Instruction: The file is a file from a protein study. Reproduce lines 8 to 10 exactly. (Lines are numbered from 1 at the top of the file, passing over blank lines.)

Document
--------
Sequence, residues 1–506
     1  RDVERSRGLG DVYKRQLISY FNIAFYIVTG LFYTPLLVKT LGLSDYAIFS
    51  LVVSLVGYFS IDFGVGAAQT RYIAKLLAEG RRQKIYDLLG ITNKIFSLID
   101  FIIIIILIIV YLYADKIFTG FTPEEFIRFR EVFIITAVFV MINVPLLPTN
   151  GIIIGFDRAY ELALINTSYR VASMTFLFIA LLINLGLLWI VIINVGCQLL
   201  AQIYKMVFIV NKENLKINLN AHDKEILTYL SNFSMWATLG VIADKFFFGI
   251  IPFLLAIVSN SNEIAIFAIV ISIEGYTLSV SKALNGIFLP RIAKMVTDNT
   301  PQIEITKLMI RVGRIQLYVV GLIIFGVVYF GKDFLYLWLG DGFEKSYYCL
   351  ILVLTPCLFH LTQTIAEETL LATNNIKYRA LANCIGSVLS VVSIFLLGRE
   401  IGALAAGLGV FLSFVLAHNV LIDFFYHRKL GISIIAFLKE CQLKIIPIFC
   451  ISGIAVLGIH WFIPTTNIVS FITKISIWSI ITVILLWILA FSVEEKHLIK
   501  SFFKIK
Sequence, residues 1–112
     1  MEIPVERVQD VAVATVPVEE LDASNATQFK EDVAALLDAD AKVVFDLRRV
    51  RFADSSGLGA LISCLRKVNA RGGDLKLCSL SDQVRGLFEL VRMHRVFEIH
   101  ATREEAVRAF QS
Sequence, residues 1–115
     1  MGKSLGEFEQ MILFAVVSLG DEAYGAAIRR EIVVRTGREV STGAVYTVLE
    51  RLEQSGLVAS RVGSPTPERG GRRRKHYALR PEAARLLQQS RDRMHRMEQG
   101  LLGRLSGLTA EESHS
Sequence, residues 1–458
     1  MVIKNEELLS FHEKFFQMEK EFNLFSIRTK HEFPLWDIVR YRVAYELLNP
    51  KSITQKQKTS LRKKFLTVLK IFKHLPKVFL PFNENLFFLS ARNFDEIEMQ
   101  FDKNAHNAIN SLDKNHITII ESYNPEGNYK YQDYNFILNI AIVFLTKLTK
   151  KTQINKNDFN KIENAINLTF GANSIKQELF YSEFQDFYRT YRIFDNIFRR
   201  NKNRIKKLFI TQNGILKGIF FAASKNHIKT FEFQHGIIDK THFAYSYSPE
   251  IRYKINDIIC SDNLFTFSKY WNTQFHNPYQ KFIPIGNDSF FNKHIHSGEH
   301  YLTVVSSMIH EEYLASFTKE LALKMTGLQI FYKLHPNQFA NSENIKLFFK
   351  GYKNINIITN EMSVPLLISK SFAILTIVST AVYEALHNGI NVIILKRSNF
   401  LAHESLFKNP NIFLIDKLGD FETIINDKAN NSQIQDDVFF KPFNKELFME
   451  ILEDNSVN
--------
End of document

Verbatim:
   301  PQIEITKLMI RVGRIQLYVV GLIIFGVVYF GKDFLYLWLG DGFEKSYYCL
   351  ILVLTPCLFH LTQTIAEETL LATNNIKYRA LANCIGSVLS VVSIFLLGRE
   401  IGALAAGLGV FLSFVLAHNV LIDFFYHRKL GISIIAFLKE CQLKIIPIFC